I spent a bunch of time driving around and couldn’t find the Abbey. Upon speaking to a nice lady out for a jog she knew of my destination and sent me to a house down the road about a km away. Apparently it is on their property in a corner somewhere.

I used her farmer directions and end up at a rather large house on a massive property and cautiously drive up, unsure of what to actually expect. Now, I was planning to get sunset photos of these ruins to ‘set the mood’ as they say, so it was rather late to start ringing door bells.

As I approach the home I can hear people and cutlery on plates, basically dinner time…. I ponder it for a minute and knock on the door… no answer. I wait a few minutes unsure if they heard me or are ignoring me due to it being dinner time. I reluctantly knock again.

I hear the cutlery being put down, a little commotion and then footsteps coming closer to the door. To my surprise, and relief, a very pleasant lady came to the door and asked if I was okay. I initially asked if I was at the Old Abbey as the ruins are called the Old Abbey of the Black Hag. She said yes, and I asked if she would have any objection to me photographing it. She paused… looked at me strangely and said that this entire area was the Old Abbey! Hmm… Alright so I progressed to explain what I was actually looking for and she explained it was on the next property over.

We spoke briefly and she said that there are rumors of a tunnel which led directly from the castle that used to be on the hill to the Old Abbey which the Countess used. There was also recent visitors that were apparently related to the original family and she thought I was one of them initially.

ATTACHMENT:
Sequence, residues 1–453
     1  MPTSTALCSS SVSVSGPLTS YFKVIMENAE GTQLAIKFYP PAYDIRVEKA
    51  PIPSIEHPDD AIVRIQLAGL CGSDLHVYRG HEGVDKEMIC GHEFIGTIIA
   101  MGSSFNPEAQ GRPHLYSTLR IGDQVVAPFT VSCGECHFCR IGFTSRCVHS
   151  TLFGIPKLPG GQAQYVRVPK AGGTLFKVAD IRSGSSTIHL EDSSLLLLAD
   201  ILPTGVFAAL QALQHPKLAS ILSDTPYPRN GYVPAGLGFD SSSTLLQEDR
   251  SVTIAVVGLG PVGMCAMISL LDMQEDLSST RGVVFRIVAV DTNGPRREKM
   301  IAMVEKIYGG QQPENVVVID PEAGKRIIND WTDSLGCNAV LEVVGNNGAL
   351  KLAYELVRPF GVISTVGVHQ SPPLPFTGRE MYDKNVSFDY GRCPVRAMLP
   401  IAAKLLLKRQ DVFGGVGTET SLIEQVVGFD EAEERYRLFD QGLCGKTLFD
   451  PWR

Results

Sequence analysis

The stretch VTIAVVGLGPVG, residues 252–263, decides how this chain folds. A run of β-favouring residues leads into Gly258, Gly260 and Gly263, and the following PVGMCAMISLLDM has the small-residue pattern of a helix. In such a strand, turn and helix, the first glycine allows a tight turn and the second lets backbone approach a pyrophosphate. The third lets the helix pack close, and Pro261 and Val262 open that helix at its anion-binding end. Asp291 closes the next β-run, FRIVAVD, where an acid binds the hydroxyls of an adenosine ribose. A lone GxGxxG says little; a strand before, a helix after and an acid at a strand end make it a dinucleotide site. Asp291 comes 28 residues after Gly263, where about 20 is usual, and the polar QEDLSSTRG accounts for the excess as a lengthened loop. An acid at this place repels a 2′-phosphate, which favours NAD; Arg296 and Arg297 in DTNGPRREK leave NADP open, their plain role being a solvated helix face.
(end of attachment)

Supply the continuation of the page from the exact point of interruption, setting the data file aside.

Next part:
Now the tricky part was I saw this property on the way in. There are about a dozen “Danger: do not approach” signs and other warnings throughout…. So he doesn’t seem like the warmest of chaps. According to her, he was a nice man. So I got this far I might as well dodge some buck shot as well.


The Abbey of the Black Hag is the remains of a medieval nunnery. According to local lore, a Prioress began to torment the town by practicing black magic and sexual practices in a room to the south of the church. The room is now called The Black Hag’s Cell due to the color of the witches face after she was killed.

During one of the many battles between the Geraldines and the Butlers, the countess was gravely wounded by an arrow as she attempted to escape with the Earl. Believed to be dead, the countess was buried beneath the altar in the main chapel.

While badly wounded, the countess was still alive and upon waking, she found herself buried alive. It’s said that her screams still echo through the ruins.

The driveway was surrounded by electric fences and with the sun setting, there wasn’t anyone in sight. I walk up to the little home perched in the center of the property and knock…. Hm, no reply. Knock again…. Still nothing. I roamed around a little to see if I could spot anyone on the property but alas… did not.

I walked around to the back of the home and like clockwork… there’s a black cat. Now I’m not overly superstitious but it seems every cemetery and old ruin dealing with some sort of black magic has a black cat hanging around. Not brown, white, spotted, leopard, always black.

Towards the back of the property I could see the start of the ruins. I didn’t go further as it would be a rude move if the guy came home. I snapped a picture and headed out of the creepy place. The ruins are considered by some as the most haunted place in Ireland.

For those wondering how they keep the hedges on the side of the road trimmed… No its not with your mirrors as you zip by and hit them, they actually have large tractor hedge trimmers that sloooowly make their way down the roads.

You might have to detour for half hour back if you are unfortunate to come across these on one of the one lane roads.

Continuing from the Abbey, it was off to see what was left of the former castle perched up on the hill. Shanid castle is a 13th century tower castle. It sits perched up on a hill with a motte over 35 feet deep.

The circular walls of the castle are 10 feet thick making it a very impressive structure. Shanid Castle was occupied until 1641 when it was ultimately burned down and destroyed.

Share your thoughts in the comments below.